Physical and Mental Health
Here at Tri-Life we have seen many repetitive patterns with people over the past 20+ years. What should come as no surprise to most of our readers (and our clients that we have spoken with) is that physical and mental health are very strongly interconnected. When someone is not feeling “well” (physically or mentally) there are a few simple things that people can do in the immediate to improve their current situation. Physical Health is just as Important as Mental Health and the evidence of the inter-dependence of both continues to amaze scientists, physicians, nurses, and psychologists.
When people are seeking treatment* one of the strategies that is often included in discussion is lifestyle modification. Regular walking, bike riding or exercises at the gym are a choice for many. One of the easiest, cheapest and immediately available options is walking. But why does walking actually make someone suffering mentally feel better?!
Go For a Walk
When someone is suffering from mild or moderate depression or anxiety (always seek professional help) or stress, doing regular physical exercise (such as a 45 minute walk) can make them feel somewhat better! There is a boost in endorphins, feel-good hormones, blood flow and of course a boost in oxygen circulating in the body. Not only does unmanaged stress often lead to possible serious health conditions such as high blood pressure, heart disease, obesity and diabetes, researchers have found that the foot’s impact during walking sends pressure waves through the arteries that significantly modify and can increase the supply of blood to the brain.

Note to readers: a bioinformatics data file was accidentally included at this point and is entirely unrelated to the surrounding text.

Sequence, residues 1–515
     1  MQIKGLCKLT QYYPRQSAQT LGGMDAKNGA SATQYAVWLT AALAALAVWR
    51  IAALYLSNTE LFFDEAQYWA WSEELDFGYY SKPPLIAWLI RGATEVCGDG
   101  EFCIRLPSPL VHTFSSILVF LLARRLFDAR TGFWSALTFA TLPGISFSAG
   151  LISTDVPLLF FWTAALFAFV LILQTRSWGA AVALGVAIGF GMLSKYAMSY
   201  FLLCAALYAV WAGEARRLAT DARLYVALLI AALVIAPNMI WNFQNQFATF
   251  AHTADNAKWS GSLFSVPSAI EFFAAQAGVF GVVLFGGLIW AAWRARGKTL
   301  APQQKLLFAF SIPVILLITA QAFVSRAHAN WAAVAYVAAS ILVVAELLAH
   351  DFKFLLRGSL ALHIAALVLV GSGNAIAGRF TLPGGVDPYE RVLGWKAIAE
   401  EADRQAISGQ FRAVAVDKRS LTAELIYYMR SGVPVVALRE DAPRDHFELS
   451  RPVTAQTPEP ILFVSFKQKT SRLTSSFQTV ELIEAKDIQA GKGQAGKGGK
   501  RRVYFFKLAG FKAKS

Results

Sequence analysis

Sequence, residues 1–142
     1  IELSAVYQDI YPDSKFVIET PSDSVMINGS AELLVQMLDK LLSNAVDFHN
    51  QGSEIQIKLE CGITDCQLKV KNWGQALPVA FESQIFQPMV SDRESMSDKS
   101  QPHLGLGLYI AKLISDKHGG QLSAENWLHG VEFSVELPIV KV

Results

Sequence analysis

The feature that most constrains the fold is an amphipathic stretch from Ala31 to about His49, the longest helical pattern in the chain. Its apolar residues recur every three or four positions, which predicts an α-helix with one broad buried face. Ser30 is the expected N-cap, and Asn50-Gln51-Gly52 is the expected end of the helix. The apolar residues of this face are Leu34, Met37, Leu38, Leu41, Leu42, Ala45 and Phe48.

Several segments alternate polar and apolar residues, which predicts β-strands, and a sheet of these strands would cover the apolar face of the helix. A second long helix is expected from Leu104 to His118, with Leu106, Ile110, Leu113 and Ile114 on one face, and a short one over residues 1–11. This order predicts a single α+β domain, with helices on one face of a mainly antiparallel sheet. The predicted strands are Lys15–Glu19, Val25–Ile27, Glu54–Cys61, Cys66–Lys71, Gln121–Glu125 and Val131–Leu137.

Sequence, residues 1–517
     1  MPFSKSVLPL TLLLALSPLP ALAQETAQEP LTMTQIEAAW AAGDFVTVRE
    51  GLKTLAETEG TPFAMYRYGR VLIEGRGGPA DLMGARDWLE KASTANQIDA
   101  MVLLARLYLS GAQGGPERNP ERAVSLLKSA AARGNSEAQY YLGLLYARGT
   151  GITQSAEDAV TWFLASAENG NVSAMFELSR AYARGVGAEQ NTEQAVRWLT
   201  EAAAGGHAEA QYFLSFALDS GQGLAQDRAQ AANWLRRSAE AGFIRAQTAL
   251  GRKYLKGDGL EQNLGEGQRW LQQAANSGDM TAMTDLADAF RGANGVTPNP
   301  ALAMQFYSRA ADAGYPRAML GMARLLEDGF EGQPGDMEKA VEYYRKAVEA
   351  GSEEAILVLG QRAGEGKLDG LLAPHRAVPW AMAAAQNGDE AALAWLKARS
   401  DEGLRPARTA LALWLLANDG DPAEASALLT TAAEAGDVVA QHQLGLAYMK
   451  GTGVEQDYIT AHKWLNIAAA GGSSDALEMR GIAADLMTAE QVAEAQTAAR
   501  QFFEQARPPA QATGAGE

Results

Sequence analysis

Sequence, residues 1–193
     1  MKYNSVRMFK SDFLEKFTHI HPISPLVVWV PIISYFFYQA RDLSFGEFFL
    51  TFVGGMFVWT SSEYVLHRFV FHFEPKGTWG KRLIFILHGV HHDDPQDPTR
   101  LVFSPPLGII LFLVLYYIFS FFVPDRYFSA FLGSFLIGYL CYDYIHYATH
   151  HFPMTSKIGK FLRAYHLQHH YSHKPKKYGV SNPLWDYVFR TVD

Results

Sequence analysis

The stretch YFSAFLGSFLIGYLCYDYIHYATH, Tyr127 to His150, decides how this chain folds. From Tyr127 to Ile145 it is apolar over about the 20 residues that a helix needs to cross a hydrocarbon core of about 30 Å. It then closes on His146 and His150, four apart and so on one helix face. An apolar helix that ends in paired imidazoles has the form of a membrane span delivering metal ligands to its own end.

The Reverse is also true; Depression remains unrecognized and untreated in approximately two thirds of patients with diabetes! When people are over-weight or obese, have hypertension (high blood pressure), or have other chronic diseases such as Diabetes, heart disease etc, the overall rates of anxiety and depression is staggering. The course of depression in patients with diabetes is chronic and severe; even with successful treatment, as many as 80% of patients with diabetes will experience depression relapse.
Thinking, Feeling, Acting
How you think directly affects how you feel and act. Reciprocating this influence what you do/say/act directly impacts how you feel and this directly affects how you think. Put simply, if you are feeling unwell physically OR mentally, the other is sure to follow but you have control to influence the outcome.
We Challenge You:
Make a pledge for some type of a simple daily activity.
Walking is an obvious easy choice but do what you enjoy and will be most likely to sustain over a period of time
Check out this short clip from Dr Mike Evans about….walking!
* Treatment for anxiety/stress/depression may or may not include medication, meditation, counselling including CBT therapy. To find out what is right for you, please speak to your physician or primary care provider.